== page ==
There’s more connecting Mad Max and Babe than just the technical challenge of it all, though. The stories that emerge from the Mad Max series are about the fight for civility and the improbable grasp on hope in the face of death. It may sound silly, but Babe trying to survive life on the farm fits this motif pretty snuggly. These are themes that permeate the rest of Miller’s filmography, including the more traditional Oscar-fare Lorenzo’s Oil, the true story of Augusto and Michaela Odone, parents who search for a cure for their son Lorenzo’s adrenoleukodystrophy.
The twin pillars of Millers’ work, crowd-pleasing, visual feasts with easily digestible narratives and stories about hope through perseverance, can also be seen in his well-received animated features, Happy Feet and Happy Feet Two, another pair of oddities in the director’s filmography. The films are jukebox musicals that used then state-of-the-art motion capture technology to tell the story of Mumbles, an emperor penguin who cannot sing the “heartsongs” needed to attract a mate, but can dance. Miller stages the musical numbers like his jaw-dropping action sequences, swapping out crashing cars for tap-dancing flights of fancy. Instead of a wordy script, Miller lets the music do the talking. Happy Feet went on to win the Oscar for Best Animated Feature.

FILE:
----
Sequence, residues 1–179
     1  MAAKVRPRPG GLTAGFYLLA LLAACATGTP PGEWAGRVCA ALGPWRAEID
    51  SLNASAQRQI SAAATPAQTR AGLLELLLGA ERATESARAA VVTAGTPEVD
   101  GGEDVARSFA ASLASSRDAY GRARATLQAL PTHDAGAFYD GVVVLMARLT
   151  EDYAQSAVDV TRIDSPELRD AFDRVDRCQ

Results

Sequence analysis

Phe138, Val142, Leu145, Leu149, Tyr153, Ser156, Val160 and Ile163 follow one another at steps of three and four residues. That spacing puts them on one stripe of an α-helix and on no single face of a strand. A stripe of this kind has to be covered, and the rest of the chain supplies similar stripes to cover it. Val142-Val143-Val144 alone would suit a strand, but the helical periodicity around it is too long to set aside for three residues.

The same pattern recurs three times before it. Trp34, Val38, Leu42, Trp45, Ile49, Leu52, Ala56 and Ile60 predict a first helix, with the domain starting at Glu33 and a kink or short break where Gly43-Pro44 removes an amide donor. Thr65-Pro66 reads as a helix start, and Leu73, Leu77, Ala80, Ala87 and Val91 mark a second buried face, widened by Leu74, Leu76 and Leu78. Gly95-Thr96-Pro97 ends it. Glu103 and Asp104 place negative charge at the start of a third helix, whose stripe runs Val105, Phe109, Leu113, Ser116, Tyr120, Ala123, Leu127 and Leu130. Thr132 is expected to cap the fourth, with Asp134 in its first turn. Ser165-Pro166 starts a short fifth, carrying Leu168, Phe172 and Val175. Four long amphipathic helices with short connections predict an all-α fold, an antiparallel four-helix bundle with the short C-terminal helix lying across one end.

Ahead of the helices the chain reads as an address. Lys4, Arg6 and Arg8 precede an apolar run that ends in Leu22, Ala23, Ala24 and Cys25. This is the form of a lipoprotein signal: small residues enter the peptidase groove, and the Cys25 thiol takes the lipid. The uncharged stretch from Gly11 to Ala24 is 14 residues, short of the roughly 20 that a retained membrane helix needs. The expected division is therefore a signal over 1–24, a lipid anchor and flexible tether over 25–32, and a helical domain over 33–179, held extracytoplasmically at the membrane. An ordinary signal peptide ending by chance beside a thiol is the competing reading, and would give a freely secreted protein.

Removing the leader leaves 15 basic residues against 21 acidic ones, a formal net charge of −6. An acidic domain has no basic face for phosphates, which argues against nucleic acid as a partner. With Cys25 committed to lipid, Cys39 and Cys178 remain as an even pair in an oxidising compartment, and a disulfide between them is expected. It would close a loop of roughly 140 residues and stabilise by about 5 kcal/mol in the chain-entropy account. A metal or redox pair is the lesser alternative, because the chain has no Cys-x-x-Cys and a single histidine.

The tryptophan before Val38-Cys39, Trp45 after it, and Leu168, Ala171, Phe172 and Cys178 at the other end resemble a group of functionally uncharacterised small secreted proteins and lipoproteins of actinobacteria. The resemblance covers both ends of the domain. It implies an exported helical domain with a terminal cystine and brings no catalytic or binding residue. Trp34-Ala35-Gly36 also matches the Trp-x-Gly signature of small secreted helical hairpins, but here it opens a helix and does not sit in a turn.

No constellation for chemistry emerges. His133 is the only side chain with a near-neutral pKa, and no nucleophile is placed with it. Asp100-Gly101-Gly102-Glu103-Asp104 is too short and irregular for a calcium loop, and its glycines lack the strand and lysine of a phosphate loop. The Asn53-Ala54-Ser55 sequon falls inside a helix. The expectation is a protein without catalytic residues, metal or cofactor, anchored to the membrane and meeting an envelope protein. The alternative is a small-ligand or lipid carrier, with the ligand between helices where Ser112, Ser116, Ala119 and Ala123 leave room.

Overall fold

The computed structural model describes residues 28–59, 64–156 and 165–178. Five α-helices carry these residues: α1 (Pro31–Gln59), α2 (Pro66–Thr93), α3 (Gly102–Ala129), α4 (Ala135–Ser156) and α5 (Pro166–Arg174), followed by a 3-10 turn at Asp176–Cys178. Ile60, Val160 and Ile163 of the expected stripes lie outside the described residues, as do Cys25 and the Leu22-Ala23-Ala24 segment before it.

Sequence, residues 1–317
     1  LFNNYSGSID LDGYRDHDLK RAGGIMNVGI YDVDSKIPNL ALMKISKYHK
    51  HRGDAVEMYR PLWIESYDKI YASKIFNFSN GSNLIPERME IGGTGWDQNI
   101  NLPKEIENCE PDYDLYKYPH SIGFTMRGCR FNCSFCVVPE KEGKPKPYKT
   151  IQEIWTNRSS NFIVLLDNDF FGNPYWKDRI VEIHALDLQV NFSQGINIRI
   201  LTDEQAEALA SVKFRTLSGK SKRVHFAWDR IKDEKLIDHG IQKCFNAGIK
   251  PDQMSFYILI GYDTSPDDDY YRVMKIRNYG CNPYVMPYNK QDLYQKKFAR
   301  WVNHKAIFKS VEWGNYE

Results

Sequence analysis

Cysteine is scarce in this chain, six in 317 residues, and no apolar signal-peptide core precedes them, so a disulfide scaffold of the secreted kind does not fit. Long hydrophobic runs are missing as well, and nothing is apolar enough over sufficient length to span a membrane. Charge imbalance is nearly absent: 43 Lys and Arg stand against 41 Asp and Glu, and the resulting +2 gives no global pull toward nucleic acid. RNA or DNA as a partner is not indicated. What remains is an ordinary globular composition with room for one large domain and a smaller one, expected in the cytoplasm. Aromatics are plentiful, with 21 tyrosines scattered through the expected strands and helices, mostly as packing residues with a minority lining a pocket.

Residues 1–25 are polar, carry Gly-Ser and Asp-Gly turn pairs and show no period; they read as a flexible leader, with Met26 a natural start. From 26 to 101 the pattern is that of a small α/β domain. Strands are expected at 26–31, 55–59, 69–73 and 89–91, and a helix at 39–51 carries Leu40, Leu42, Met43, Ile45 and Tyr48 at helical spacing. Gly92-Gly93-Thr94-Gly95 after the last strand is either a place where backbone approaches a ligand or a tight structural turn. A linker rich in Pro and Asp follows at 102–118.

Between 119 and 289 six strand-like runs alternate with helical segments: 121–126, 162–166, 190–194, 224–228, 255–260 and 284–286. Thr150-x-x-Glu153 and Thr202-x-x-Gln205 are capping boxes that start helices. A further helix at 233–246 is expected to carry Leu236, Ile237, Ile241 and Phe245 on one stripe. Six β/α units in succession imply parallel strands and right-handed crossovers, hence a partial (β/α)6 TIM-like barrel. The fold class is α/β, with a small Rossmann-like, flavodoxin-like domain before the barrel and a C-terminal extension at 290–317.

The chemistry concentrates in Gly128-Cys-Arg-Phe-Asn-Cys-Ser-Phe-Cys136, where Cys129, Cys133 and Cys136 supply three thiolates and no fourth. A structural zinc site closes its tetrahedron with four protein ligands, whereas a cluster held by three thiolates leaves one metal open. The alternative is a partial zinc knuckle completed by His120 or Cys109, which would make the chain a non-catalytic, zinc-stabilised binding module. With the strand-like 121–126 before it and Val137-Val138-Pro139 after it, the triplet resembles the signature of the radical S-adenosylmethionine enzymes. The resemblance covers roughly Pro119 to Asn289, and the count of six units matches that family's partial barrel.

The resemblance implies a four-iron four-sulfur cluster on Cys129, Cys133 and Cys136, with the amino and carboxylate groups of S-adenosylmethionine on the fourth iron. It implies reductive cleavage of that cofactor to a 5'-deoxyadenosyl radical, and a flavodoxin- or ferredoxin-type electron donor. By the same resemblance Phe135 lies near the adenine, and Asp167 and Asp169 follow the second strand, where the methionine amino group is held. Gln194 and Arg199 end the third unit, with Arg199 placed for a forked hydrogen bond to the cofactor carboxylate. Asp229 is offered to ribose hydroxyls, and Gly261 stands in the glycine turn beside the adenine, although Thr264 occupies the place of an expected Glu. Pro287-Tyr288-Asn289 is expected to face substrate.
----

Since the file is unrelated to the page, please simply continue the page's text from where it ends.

The Mad Max films and Happy Feet share more than broad themes and technical virtuosity, they’re also rooted in visually distinctive settings — the harsh desert and icy Antarctica, respectively. And Miller turned that aspect of his work up to 11 in 1998’s Babe: Pig in the City. Unlike the first film, Miller took the reins on directing, imbuing it more with his flair and devilishness. The titular city, Metropolis, is a maximalist, fantasy-like vision, borrowing from numerous architecture styles and landmarks from around the globe. In the film, the skyline features famous landmarks such as the World Trade Center, the Sears Tower, the Chrysler Building, the Empire State Building, the IDS Center, the MetLife Building, the Sydney Opera House, and the Hollywood sign, among others. Like the towering mish-mash of buildings in Metropolis, Babe: Pig in the City is a monument to Millers’ unrelenting vision
This is a director who’s craft is rooted in the Silent Era, but is constantly striving to push the medium of film forward. In an interview about his career with the Los Angeles Times in 1996, Miller said, “I think I can be around a thousand years and never understand the [filmmaking] process.” His restless exploration and dedication to creating eye-popping sequences make him just as well suited to gonzo action films as he is to inventive children’s movies; he’s trying to dazzle audiences of all ages. Whether directing pigs or Doofs, Miller is always taking big swings — whether they lead to hits is the studio’s concern.